What is edification, and why is it so important in the lives of believers? The word used for “edification” in the New Testament is oikodomé, which translates literally as “the building of a house.” The word appears in the King James Bible only about 20 times, and then only in the New Testament. It is translated into phrases such as “building up” in more modern translations. Interestingly, its usage is also limited to Paul’s letters. The dictionary definition of edify is “to instruct and improve, especially in moral and religious knowledge.” According to Vine’s Expository Dictionary of Old and New Testament Words, the word indicates the promotion of “spiritual growth and development of character of believers, by teaching or by example, suggesting such spiritual progress as the result of patient labor.”
Vine’s definition captures the meaning rather well. Edification is more than just encouragement; it includes any activity that results in more Christlikeness, either in oneself or in another believer. Edification may be individual or corporate. Individually, one can edify oneself by participating in the various spiritual disciplines (Bible intake, private prayer, private worship, etc).
Generally, however, the concept of edification in the New Testament is applied to the corporate body (mutual edification). Mutual edification involves helping one another along the road to Christlikeness, and it requires the participation of all members of the church. Teaching and preaching improve our understanding of God; encouragement promotes conduct that develops Christlike character. When we exhort one another and hold one another accountable, we are prompted to engage in activities that promote godliness. Accountability means we lovingly check each other’s spiritual progress. Christlike service ensures that the needs of the church are met, and true fellowship is the interaction we have with each other on a deeper spiritual level. The corporate nature of edification cannot be overemphasized. Without mutual edification, the church becomes a collection of spiritual weaklings, a perpetual nursery for spiritual infants, rather than a body (1 Corinthians 12:27) or a building (Ephesians 2:20-22).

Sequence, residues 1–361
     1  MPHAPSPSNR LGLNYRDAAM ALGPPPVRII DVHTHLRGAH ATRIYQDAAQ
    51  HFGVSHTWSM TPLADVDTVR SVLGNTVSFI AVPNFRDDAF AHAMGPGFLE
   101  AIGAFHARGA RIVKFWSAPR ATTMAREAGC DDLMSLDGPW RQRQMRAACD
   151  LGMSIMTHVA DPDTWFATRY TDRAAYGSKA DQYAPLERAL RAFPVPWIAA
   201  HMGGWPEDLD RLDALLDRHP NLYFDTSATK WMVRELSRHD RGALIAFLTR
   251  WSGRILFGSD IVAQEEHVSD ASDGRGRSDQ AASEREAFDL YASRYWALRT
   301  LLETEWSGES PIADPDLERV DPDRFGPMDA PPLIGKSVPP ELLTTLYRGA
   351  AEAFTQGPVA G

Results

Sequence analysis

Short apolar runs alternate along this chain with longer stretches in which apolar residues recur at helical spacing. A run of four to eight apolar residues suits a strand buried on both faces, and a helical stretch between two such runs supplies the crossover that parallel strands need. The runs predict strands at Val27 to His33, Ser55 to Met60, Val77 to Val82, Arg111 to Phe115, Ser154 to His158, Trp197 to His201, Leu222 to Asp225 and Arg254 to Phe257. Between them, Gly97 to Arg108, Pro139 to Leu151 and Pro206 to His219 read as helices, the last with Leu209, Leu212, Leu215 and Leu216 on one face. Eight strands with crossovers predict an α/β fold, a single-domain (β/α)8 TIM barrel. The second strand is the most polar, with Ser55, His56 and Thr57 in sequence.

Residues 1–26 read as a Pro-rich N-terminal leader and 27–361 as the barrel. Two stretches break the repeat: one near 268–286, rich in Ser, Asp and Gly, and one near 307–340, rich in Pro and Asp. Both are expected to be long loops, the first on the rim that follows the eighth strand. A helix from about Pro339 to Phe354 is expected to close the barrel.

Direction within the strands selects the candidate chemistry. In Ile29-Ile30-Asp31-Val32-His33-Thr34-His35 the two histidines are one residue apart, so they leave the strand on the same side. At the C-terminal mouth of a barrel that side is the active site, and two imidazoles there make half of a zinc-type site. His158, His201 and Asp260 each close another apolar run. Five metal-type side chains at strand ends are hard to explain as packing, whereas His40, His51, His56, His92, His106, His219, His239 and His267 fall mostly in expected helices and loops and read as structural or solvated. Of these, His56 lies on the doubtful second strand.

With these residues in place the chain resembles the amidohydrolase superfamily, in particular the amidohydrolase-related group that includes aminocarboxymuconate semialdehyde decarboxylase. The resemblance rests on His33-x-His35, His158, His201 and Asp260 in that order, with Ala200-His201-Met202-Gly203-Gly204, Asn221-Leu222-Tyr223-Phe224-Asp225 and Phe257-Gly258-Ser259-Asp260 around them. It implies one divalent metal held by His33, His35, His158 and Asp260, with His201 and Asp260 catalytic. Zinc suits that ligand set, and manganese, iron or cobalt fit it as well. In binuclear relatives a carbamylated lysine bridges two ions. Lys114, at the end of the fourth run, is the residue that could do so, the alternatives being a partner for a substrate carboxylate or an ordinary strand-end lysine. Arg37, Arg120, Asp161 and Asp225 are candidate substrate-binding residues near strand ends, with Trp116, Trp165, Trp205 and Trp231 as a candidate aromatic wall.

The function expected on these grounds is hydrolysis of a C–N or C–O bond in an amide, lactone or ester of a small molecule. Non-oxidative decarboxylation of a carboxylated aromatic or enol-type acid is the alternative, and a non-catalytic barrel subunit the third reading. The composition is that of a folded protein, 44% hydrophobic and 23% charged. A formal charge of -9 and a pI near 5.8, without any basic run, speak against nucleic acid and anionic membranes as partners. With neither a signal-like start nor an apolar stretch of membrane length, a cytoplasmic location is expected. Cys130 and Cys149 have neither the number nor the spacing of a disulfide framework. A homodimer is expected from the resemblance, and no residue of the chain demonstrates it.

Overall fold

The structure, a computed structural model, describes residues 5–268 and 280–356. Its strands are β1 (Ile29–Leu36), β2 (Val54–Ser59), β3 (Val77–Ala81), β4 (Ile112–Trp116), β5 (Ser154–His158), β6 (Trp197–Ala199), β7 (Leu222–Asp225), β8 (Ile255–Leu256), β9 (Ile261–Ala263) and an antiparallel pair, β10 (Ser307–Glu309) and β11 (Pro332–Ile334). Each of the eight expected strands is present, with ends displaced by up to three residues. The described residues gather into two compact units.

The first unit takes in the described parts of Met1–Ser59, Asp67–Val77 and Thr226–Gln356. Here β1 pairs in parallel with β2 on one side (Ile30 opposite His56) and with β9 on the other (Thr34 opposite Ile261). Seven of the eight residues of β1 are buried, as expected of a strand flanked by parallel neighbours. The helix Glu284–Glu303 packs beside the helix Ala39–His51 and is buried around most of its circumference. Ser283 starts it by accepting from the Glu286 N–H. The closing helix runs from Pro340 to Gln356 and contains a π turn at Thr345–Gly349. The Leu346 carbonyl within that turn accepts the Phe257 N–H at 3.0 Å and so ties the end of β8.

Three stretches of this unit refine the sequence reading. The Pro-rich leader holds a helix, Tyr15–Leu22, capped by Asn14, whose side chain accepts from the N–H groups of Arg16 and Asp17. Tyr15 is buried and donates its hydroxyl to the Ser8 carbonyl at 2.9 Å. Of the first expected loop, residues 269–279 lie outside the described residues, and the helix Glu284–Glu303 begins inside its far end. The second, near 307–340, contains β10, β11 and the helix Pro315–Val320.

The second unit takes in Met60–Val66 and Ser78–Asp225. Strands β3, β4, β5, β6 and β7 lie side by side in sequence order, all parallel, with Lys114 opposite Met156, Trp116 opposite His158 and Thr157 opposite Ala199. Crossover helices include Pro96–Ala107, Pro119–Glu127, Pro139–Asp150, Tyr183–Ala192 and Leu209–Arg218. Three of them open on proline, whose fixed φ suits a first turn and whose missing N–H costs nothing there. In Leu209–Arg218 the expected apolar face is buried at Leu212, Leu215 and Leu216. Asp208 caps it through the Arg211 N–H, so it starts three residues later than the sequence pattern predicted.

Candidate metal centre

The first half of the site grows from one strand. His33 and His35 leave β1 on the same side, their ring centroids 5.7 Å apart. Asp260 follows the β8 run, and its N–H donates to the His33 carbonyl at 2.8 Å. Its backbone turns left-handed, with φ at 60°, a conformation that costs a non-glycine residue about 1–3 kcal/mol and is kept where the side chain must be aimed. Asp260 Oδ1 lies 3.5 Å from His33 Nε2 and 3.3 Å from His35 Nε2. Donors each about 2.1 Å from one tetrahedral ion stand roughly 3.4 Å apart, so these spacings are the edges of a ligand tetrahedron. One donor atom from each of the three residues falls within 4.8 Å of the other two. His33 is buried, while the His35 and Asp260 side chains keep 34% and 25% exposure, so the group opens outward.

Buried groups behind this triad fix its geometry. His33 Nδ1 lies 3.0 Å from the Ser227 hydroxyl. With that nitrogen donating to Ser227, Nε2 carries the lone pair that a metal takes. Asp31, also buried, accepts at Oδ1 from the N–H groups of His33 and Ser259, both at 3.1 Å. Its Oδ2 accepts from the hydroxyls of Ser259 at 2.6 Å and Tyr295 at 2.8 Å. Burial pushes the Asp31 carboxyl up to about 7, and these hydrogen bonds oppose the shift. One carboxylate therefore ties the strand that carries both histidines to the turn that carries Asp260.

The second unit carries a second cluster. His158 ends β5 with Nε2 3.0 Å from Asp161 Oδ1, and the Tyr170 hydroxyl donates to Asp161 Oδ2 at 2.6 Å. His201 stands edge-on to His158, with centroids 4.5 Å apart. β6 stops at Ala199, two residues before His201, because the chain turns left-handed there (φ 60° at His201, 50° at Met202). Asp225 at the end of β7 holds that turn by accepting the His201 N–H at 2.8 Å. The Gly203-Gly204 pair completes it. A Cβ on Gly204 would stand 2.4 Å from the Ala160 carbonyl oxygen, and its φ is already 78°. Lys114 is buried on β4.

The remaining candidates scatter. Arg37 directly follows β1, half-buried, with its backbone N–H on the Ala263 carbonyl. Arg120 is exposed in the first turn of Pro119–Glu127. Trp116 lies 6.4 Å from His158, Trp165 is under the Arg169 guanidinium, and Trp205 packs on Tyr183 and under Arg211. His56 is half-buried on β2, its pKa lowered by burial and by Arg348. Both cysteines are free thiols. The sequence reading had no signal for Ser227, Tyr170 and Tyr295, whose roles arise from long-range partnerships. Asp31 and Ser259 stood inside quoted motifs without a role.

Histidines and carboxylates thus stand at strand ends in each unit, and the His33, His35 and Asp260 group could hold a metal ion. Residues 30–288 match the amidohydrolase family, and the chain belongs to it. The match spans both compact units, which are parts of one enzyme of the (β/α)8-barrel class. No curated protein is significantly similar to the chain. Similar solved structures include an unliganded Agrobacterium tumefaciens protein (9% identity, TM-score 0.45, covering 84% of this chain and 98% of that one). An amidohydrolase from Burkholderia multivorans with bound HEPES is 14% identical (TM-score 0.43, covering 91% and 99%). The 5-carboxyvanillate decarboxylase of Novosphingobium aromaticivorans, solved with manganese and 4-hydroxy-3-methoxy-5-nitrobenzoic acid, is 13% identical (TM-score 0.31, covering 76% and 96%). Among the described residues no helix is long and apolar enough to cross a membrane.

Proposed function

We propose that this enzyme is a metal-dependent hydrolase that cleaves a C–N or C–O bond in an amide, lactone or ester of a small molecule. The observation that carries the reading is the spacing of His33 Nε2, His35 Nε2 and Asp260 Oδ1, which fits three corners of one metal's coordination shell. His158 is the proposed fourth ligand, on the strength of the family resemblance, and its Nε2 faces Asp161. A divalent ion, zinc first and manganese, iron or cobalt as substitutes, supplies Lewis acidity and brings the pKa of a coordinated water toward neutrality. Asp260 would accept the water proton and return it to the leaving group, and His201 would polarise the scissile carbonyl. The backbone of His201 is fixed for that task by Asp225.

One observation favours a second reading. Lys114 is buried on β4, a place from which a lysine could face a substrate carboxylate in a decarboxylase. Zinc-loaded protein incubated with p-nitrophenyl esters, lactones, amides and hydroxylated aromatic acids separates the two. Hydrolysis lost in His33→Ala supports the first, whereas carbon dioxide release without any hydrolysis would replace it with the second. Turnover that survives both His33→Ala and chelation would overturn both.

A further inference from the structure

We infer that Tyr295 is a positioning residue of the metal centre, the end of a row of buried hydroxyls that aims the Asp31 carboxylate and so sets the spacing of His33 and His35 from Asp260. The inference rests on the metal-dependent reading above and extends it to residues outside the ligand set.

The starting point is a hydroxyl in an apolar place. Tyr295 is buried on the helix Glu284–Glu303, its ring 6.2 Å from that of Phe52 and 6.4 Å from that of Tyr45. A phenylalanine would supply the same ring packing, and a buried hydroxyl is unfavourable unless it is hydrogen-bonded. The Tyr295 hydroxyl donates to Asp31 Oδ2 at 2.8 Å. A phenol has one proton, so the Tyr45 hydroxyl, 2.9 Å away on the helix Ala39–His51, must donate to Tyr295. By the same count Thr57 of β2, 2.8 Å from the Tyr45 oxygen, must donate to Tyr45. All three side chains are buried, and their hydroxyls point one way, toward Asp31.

Paul tells us in Ephesians 4:12 and repeatedly in 1 Corinthians 14:1-26 that edification is one of the reasons that spiritual gifts are given to believers. In 2 Corinthians, Paul states no fewer than three times that the “building up” of the church is the reason for his apostolic authority (10:8, 12:19, and 13:10). Paul’s goal was to edify. In 1 Corinthians 10:23 and Ephesians 4:16, he states that the church must work to edify itself for the overall health of each member. Finally, each of us is commanded to engage in edification (Romans 14:19; 15:2; Ephesians 4:29; 1 Thessalonians 5:11).
The church exists in community. Throughout the New Testament, the language is rich with communal imagery. The church is described as Christ’s flock, His body, and His building. None of these metaphors denote an individual entity. Paul expounds on this concept in 1 Corinthians 12:12-31, describing the interdependence of the parts of the human body and the necessity of each. He goes so far as to say that we’re actually “members of one another” in Ephesians 4:25 (NKJV).
An analogy is instructive here. The Gothic arch was a very popular structure in medieval architecture. The primary advantage of the arch was its strength and stability, which it derived from the fact that each stone in the arch leaned on the one beside it. This system of mutual support enabled the construction of much larger structures than might otherwise have been built. The Gothic arch could be a symbol of the church. The very fact that we need one another gives the church its strength. And the minute we decide to stop leaning on one another, we fall.